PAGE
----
With all the buzz around Resident Evil 6 releasing this November, it isn’t hard to forget about that other Resident Evil title that we should be talking about right now: Revelations. Releasing at the end of this month, the game looks to be far more robust than Resident Evil’s previous 3DS outing. It acts as a new chapter in the story, revealing what happened with Jill Valentine and Chris Redfield after setting up the BSAA, between the events of Resident Evil 4 and 5.
Revelations might not seem as big a deal as the other two Resident Evil games releasing this year, though; a lot of people without a 3DS will skip past this one without a second thought. Going from the demo, however, it paves the way for a brand new narrative and a new adventure in the series. It all feels more like a traditional horror game than the latest Resident Evil games have: Jill is stranded in a shady hotel, with a lack of ammo, requiring the player to conserve supplies in order to survive the creepy enemies that lurk around corners, in wardrobes and, of course, in the ceiling.
The game does appear to be a rather linear affair, judging by the section we’ve played. After Jill wakes up in an unknown room with her trusty pistol and knife she must solve a small, almost point and click adventure style puzzle then dispose of the first enemy in order to escape the room. She travels through corridors and subsequent rooms which lead her through this hotel area. This demo section shows off a few of the weapons and items you’ll harness in Revelations – namely the shotgun and the new scanner item, which allows you to search for hidden items and clues.
It looks great too. It certainly doesn’t compare to many of the Vita’s impressive visuals but the character models are realistic and although the textures aren’t slick, when it all comes together it’s one of the best looking games yet on the 3DS and a great way of showing what the handheld can do.
The game is visually sublime, with great character models and creepy enemies.
Revelations manages to feel like a full, robust game rather than a handheld afterthought, which gives Nintendo something to pit against the Vita’s myriad of console-like experiences.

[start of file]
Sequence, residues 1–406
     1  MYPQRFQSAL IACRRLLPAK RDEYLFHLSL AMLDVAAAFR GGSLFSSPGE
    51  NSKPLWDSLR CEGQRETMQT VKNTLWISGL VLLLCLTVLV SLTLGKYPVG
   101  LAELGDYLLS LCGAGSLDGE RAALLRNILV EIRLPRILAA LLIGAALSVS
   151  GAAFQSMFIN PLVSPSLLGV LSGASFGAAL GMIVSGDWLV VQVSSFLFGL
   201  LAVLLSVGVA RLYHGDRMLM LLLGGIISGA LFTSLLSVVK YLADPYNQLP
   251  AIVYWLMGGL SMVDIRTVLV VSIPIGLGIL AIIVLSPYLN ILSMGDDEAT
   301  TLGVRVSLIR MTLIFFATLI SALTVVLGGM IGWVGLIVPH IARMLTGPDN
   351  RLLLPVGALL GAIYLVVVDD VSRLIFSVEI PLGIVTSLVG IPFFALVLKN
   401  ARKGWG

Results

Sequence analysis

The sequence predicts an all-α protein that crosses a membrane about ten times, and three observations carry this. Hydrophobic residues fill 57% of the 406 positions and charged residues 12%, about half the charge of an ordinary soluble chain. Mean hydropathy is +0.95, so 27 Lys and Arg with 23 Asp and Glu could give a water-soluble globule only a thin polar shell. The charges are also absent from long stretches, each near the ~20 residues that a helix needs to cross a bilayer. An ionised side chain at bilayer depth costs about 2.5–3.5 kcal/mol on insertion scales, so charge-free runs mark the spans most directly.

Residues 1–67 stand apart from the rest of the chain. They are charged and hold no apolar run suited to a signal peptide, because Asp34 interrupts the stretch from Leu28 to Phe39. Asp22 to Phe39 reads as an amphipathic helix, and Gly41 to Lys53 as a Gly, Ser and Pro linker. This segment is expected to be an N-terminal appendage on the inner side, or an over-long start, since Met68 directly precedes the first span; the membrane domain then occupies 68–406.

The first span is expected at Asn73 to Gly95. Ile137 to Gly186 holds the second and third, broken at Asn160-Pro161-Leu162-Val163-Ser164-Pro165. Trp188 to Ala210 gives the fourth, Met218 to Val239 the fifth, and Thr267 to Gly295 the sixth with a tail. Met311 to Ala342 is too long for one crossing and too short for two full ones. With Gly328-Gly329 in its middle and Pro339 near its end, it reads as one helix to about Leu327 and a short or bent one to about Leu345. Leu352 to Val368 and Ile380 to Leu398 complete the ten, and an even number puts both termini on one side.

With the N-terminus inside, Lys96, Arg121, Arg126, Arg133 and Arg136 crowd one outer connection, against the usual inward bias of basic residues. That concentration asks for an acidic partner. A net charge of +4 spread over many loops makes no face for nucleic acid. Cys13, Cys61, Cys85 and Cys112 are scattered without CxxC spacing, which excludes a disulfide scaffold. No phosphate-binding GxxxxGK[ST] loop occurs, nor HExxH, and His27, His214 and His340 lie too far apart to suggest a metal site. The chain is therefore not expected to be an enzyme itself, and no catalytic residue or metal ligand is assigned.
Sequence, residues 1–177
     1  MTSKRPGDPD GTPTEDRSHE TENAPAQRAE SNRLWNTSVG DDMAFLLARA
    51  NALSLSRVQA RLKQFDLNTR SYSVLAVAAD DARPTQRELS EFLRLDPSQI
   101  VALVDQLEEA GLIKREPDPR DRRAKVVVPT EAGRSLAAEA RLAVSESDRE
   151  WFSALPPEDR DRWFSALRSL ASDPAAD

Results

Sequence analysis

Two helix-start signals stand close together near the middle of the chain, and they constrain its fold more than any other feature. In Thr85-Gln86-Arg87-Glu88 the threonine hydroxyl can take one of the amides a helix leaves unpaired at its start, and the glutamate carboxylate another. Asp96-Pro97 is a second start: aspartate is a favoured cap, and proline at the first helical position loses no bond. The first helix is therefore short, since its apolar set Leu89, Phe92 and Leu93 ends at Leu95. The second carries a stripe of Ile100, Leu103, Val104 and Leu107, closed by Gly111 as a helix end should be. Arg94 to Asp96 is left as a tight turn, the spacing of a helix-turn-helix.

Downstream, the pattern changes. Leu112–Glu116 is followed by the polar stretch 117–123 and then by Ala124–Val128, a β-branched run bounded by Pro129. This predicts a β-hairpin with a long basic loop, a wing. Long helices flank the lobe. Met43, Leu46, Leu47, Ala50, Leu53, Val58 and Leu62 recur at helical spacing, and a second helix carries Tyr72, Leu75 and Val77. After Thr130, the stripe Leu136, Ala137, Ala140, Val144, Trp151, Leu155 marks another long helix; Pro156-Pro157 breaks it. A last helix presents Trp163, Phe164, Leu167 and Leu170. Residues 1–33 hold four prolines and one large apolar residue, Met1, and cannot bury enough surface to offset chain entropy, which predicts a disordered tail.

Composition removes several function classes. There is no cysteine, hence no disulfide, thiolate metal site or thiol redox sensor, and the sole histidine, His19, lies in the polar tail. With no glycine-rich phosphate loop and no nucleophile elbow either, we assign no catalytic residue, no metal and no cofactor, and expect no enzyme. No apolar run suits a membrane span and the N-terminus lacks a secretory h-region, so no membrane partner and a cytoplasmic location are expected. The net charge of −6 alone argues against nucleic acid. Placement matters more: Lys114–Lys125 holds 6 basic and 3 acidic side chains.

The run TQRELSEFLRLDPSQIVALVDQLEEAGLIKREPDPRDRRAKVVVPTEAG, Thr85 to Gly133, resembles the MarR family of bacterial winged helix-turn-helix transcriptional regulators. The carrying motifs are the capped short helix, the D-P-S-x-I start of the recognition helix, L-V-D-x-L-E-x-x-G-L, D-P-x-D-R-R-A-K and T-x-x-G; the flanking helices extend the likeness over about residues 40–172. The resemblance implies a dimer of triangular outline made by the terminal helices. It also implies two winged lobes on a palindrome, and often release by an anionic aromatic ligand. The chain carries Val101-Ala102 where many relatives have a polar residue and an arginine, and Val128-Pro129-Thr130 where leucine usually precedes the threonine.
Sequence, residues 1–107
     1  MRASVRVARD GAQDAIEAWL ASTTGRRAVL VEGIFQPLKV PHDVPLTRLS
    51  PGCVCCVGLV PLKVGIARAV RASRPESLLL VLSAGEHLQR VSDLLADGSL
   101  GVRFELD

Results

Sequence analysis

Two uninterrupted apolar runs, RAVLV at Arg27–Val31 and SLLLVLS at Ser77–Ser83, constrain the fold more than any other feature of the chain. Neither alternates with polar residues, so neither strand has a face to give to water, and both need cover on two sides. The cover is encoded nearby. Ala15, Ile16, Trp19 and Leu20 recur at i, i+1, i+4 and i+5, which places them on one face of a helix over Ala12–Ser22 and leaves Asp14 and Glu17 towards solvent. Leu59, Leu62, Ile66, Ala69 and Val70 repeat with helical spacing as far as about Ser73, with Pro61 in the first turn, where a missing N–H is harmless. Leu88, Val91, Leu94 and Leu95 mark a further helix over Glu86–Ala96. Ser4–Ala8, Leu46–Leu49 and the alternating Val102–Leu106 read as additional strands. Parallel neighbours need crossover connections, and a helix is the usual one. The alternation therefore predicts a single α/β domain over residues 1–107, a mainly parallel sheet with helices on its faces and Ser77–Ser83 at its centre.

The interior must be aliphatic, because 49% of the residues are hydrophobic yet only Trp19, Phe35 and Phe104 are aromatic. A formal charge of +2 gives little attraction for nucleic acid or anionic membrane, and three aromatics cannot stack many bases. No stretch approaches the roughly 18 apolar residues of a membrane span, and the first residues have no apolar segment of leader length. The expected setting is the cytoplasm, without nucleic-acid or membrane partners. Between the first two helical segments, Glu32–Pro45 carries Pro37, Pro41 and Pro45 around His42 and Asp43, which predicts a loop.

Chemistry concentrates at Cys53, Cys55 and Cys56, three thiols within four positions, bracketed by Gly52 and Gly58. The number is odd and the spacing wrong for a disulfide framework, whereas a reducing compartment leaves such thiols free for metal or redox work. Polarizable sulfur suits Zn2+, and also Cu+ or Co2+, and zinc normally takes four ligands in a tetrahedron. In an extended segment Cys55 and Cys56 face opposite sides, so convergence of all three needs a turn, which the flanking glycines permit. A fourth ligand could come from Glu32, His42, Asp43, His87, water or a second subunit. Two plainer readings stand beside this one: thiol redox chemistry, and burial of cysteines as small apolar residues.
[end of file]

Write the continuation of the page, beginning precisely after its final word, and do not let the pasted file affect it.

While Revelations supports the Circle Pad Pro, you’re able to play the game with three other control systems that don’t need this attachment. I’ve heard some complaints about trying to control the game – a third person shooter at its core – with only one stick but after trying all three of the control options, mixed with the gyro controls, there’s definitely something there to please most people.
For example, the default controls have you moving and rotating with the stick, whilst holding down the left trigger allows for strafing and another option switches this, meaning you can move and strafe with the stick and then hold B to rotate. Finally, there’s the infinitely more clunky method of using the face buttons to rotate.
Whilst you’re unable to move and shoot if you select these options – as soon as you press down the right trigger, the stick is used for aiming, the gyro controls allow for fluid movement and precise aiming, though this can prove annoying at times. You’re even able to choose whether to aim in third or first person.
The demo, although relatively short, does show exactly what Revelations is going to be. As I mentioned, the ammo reserves are very limited and some of the scariest moments come from realising you’re left with nothing but a knife and a few bullets. The enemies are also gory creatures, rather than the human-zombies of Resident Evil 5. With hacking mini-games, quick time events and all of the usual Resident Evil staples, it looks to be another great entry in the series and an interesting piece of the story.
There’s even a Hell mode, which ramps the fear and enemy spawn times up, and makes items such as ammo and herbs ever rarer. It’s truly hellish and only for the most hardcore of survival horror fans.